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Athletic Performance

While athletic performance cannot be measured in animals, studies have provided insight into maca’s role in improving energy, including animal studies that commonly use swim tests (time to exhaustion) to measure this improvement.


At present, some human studies using black maca have been conducted in the athlete population, with similar outcomes being observed across the studies.


A 4-week, placebo-controlled, crossover study of 8 elite adolescent female handball athletes investigated the changes in isokinetic muscular performance using 2,500 mg twice daily of black maca (1). This resulted in a significant increase in:

  • Muscle endurance, as indicated by improvements in 180 degrees right extensor (p<0.05), 180 degrees left extensor (p<0.05), and 180 degrees left flexor (p<0.01) of isokinetic function of the knee. 

  • Cardiopulmonary endurance, as indicated by improvements in the 20-minute shuttle run (p<0.001). 


Similarly, a 4-week study of 10 female athletes observed a significant decrease in body mass index (BMI), inflammatory markers (CRP and CK), and muscle endurance at 180-degree extensor (improved muscle function) using 5 grams of black maca daily (2).


A significant improvement in muscle endurance and strength (p<0.05) was observed during a 4-week study of 16 university racket athletes taking 2,500 mg of black maca powder twice daily. Additionally, a significant decrease in ammonia levels (p<0.05) was also observed (3).


Forty (40) elite athletes (shooting athletes (SA), racket sports athletes (RSA), and fin swimming athletes (FSA)) participated in an 8-week intervention trial. The study aimed to investigate the effects of black maca supplementation (2,300 mg twice daily) on changes in physical strength and inflammatory markers among elite athletes. The results varied in statistical ranges based on the sport of the athlete but included:

  • Significant increase in muscle endurance, agility, muscle strength, flexibility, and power

  • Significant decrease in inflammatory markers (IL-6 and TNF-a)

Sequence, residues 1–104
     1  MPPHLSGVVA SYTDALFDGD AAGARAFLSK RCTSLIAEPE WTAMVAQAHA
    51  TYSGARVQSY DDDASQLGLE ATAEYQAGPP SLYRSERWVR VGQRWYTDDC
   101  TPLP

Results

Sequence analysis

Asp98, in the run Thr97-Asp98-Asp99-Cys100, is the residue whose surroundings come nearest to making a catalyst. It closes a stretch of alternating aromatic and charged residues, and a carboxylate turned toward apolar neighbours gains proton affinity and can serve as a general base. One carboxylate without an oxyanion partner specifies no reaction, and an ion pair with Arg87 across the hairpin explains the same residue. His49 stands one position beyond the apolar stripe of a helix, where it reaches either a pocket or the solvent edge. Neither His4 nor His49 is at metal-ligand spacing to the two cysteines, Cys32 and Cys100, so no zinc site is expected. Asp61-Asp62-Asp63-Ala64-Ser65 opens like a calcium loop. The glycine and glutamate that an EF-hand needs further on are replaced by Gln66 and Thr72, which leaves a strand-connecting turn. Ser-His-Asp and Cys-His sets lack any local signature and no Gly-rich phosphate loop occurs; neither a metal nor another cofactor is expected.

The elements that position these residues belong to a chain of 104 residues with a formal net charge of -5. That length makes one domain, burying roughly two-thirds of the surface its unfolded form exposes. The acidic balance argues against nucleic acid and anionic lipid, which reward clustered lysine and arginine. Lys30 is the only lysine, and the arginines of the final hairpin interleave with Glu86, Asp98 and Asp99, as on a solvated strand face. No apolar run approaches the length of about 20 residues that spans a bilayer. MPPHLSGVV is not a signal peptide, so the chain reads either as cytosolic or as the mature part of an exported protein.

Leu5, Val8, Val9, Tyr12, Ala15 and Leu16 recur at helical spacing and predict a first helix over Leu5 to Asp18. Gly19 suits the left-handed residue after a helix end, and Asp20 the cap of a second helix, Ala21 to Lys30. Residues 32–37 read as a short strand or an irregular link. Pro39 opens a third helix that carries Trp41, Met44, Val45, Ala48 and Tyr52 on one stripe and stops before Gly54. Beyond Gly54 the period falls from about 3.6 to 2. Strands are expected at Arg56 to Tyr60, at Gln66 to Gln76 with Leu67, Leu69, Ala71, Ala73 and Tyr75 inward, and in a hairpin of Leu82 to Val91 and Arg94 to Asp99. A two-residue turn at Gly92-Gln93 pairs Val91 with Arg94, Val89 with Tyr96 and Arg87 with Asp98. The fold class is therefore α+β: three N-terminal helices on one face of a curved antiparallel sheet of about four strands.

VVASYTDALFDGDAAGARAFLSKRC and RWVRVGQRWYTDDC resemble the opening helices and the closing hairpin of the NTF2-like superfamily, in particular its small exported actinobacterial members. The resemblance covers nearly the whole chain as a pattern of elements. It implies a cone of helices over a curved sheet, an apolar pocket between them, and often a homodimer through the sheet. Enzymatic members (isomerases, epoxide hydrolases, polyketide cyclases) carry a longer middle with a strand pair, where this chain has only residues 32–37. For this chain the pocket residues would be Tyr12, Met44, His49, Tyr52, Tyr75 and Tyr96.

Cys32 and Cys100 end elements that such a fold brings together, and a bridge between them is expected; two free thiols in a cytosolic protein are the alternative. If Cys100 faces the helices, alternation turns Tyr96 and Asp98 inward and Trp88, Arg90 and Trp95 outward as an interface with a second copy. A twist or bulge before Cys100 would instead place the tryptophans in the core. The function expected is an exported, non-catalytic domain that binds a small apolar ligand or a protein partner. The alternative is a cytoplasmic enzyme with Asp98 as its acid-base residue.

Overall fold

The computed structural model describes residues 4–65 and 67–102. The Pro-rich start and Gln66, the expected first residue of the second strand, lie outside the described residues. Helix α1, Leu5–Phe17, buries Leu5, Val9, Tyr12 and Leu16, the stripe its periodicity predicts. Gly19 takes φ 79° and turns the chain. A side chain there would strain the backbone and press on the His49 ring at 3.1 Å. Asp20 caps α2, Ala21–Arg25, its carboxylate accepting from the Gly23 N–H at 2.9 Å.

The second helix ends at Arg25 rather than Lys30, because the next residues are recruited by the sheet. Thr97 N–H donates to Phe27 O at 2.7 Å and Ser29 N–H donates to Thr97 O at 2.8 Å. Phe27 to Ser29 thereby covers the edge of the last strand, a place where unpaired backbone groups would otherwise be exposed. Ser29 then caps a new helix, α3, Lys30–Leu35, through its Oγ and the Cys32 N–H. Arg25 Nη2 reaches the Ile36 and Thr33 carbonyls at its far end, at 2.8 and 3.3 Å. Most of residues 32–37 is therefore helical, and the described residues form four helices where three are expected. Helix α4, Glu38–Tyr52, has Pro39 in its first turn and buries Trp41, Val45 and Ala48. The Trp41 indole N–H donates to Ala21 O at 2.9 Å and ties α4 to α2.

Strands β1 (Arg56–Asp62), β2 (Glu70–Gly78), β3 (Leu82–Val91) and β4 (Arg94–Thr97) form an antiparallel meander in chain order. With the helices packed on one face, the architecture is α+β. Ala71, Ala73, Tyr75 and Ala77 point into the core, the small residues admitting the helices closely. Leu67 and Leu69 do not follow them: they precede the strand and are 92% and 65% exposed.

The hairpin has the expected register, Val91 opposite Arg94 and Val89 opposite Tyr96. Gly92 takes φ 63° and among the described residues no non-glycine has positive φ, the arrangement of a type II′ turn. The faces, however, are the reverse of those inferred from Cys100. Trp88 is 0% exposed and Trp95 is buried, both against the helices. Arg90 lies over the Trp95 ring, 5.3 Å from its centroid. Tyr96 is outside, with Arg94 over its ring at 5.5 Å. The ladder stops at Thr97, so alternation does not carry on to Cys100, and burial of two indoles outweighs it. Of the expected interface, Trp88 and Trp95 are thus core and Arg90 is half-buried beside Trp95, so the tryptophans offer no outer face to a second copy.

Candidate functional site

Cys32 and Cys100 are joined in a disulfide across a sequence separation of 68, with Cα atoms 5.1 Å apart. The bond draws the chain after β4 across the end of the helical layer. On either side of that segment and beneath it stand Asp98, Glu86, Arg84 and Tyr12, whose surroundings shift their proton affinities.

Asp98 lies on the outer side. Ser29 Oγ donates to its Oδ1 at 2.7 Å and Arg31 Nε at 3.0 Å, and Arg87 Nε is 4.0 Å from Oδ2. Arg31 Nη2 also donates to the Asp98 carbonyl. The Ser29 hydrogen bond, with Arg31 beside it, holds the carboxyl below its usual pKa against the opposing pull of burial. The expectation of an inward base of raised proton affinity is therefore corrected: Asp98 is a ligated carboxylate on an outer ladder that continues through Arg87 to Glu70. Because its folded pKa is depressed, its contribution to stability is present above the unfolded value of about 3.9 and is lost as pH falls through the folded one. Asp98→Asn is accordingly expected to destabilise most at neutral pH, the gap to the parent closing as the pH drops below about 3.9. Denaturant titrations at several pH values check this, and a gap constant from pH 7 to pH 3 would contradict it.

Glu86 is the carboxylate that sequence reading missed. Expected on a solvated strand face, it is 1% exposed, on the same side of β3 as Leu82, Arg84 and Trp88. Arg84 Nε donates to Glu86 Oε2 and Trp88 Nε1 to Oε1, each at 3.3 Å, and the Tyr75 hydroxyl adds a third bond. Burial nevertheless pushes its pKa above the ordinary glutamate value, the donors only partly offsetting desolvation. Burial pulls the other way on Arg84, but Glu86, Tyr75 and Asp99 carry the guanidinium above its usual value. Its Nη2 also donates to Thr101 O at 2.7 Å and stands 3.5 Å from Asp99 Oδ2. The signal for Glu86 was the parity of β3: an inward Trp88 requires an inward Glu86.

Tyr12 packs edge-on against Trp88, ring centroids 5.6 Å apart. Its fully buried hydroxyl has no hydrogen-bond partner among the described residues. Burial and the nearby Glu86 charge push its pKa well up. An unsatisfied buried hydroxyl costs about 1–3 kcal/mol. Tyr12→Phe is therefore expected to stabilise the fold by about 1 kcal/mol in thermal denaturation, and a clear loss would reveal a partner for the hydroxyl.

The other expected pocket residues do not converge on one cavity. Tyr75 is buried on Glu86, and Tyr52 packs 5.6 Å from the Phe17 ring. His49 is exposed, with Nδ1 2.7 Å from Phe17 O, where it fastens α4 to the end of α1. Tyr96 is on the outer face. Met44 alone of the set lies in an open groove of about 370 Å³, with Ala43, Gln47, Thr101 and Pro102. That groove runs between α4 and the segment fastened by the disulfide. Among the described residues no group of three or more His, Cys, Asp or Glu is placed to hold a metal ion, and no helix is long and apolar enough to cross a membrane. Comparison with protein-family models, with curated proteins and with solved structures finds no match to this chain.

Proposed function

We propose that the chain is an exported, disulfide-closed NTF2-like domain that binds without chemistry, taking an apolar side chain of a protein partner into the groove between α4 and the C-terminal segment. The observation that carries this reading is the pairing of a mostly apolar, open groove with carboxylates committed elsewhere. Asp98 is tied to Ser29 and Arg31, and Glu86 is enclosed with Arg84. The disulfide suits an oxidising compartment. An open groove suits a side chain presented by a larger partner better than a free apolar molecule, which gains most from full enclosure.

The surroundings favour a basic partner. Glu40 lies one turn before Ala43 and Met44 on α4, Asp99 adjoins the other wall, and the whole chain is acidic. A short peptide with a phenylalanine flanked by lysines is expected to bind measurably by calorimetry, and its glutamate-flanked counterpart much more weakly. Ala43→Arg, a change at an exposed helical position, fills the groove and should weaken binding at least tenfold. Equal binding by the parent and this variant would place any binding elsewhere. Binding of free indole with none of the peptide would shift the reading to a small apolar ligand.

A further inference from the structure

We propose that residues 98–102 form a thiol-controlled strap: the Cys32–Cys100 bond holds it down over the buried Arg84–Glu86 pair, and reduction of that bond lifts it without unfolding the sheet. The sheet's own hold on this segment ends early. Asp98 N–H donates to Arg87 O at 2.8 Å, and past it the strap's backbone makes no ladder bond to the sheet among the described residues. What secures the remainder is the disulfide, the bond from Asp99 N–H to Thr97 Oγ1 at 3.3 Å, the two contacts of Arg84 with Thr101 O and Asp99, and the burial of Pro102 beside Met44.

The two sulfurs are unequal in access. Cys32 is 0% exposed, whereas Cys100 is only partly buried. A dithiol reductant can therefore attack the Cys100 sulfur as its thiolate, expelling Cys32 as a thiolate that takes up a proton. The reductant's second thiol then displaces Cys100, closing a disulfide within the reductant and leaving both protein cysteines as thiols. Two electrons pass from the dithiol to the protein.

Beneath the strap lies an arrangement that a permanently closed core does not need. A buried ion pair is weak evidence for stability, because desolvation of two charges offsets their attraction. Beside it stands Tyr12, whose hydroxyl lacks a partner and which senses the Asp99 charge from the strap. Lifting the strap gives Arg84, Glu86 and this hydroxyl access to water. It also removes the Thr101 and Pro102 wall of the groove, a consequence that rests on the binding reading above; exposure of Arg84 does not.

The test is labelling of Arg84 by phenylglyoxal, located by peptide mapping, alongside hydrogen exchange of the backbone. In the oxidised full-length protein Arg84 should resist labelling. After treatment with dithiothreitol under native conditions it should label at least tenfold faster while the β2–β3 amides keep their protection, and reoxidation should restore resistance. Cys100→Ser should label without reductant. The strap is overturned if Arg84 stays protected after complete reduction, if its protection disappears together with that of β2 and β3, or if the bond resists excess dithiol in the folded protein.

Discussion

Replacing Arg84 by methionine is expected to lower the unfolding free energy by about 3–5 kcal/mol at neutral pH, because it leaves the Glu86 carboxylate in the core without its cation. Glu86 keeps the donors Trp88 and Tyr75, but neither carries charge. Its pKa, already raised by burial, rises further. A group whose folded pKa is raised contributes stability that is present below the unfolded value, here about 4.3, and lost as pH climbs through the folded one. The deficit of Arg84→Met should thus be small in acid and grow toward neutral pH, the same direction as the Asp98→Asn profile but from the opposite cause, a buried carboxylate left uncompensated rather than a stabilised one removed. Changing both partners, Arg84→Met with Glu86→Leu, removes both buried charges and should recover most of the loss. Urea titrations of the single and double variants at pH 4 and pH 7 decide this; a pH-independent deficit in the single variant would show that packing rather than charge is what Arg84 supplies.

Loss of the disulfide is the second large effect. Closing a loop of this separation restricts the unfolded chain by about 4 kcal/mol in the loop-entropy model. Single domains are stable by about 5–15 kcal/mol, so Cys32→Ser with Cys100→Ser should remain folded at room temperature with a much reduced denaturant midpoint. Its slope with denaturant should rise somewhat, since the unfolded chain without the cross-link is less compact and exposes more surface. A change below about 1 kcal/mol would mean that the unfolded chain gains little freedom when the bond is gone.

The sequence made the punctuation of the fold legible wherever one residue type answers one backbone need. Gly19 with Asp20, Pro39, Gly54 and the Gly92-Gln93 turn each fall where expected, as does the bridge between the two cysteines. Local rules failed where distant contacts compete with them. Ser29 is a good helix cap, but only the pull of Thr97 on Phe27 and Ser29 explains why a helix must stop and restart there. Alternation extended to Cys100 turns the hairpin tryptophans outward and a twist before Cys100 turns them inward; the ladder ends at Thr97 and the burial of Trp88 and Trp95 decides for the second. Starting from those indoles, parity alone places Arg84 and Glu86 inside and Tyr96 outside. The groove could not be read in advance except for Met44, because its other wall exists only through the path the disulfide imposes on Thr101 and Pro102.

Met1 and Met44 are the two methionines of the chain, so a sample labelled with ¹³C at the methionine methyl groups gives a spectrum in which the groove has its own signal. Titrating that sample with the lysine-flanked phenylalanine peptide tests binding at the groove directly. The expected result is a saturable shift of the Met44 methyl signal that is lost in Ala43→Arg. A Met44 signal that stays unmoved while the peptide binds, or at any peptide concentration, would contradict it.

• Significant decrease in lactic acid and C-reactive protein 

 The authors propose that the mechanism of action could result from constituents (saponins, phenols, and flavonoids) and/or the arginine content of maca (4). Lower IL-6 levels were observed in men and women who were regular consumers of maca as a food source (5).


In addition, one study included eight experienced male athletes who consumed 2,000 mg per day of an unspecified color of maca. Maca extract users significantly improved 40 km cycling time performance compared to the baseline test (P=0.01) but not compared to the placebo trial after supplementation (P>0.05)(6). 


Author: Kim Ross, DCN

Reviewer: Mona Fahoum, ND

Last Updated: February 19, 2024



1. Kang S, Ahn BO, Park MH, Lim ST, Lee E. Effects of Black Maca supplement on isokinetics muscular performance of elite women’s handball players: placebo-controlled, crossover study. Food Nutr Res. 2023;67.

2. Choi JW, Kang S. Effect of Intake Black Maca on Inflammatory Factors in Female Athletics. Journal of Sport and Dance Science. 2021 Dec 31;1(2):39–47.

3. Park MH, Lim ST, Lee J, Kim BJ, Oh SB, Kang S. Effects of Resistance Exercise, Black Maca and Combined Treatment on Blood Muscle Fatigue Factors and Muscle Function in Racket Athletes. Exercise Science. 2022;31(4).

4. Lee E, Park M, Kim B, Kang S. Effect of Black Maca Supplementation on Inflammatory Markers and Physical Fitness in Male Elite Athletes. Nutrients. 2023;15(7).

5. Gonzales GF, Gasco M, Lozada-Requena I. Role of Maca (Lepidium meyenii) Consumption on Serum Interleukin-6 Levels and Health Status in Populations Living in the Peruvian Central Andes over 4000 m of Altitude. Plant Foods for Human Nutrition. 2013;68(4).

6. Stone M, Ibarra A, Roller M, Zangara A, Stevenson E. A pilot investigation into the effect of maca supplementation on physical activity and sexual desire in sportsmen. J Ethnopharmacol. 2009;126(3).

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